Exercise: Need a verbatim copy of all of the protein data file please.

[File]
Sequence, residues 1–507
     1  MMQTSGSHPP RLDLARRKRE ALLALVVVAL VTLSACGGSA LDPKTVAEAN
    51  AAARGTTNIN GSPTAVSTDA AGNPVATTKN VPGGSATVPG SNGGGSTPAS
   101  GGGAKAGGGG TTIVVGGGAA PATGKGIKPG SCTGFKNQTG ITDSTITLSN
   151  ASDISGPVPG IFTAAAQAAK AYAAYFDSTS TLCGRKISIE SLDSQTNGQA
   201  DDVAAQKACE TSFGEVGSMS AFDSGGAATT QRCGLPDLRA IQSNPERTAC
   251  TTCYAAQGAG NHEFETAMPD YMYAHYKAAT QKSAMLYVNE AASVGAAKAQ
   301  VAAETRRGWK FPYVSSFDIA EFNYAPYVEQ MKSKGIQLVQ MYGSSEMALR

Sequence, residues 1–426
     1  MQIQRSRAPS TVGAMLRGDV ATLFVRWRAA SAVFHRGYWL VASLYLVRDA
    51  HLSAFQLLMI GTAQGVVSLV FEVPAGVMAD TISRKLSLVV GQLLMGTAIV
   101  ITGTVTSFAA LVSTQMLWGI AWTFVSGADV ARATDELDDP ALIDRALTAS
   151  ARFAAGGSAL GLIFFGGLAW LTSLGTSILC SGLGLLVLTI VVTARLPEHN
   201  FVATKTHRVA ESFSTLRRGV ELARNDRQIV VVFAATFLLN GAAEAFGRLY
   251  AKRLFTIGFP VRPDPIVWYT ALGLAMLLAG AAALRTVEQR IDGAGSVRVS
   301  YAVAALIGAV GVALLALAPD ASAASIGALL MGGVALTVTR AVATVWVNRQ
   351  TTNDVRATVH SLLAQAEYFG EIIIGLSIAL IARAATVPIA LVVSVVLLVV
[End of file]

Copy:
Sequence, residues 1–507
     1  MMQTSGSHPP RLDLARRKRE ALLALVVVAL VTLSACGGSA LDPKTVAEAN
    51  AAARGTTNIN GSPTAVSTDA AGNPVATTKN VPGGSATVPG SNGGGSTPAS
   101  GGGAKAGGGG TTIVVGGGAA PATGKGIKPG SCTGFKNQTG ITDSTITLSN
   151  ASDISGPVPG IFTAAAQAAK AYAAYFDSTS TLCGRKISIE SLDSQTNGQA
   201  DDVAAQKACE TSFGEVGSMS AFDSGGAATT QRCGLPDLRA IQSNPERTAC
   251  TTCYAAQGAG NHEFETAMPD YMYAHYKAAT QKSAMLYVNE AASVGAAKAQ
   301  VAAETRRGWK FPYVSSFDIA EFNYAPYVEQ MKSKGIQLVQ MYGSSEMALR

Sequence, residues 1–426
     1  MQIQRSRAPS TVGAMLRGDV ATLFVRWRAA SAVFHRGYWL VASLYLVRDA
    51  HLSAFQLLMI GTAQGVVSLV FEVPAGVMAD TISRKLSLVV GQLLMGTAIV
   101  ITGTVTSFAA LVSTQMLWGI AWTFVSGADV ARATDELDDP ALIDRALTAS
   151  ARFAAGGSAL GLIFFGGLAW LTSLGTSILC SGLGLLVLTI VVTARLPEHN
   201  FVATKTHRVA ESFSTLRRGV ELARNDRQIV VVFAATFLLN GAAEAFGRLY
   251  AKRLFTIGFP VRPDPIVWYT ALGLAMLLAG AAALRTVEQR IDGAGSVRVS
   301  YAVAALIGAV GVALLALAPD ASAASIGALL MGGVALTVTR AVATVWVNRQ
   351  TTNDVRATVH SLLAQAEYFG EIIIGLSIAL IARAATVPIA LVVSVVLLVV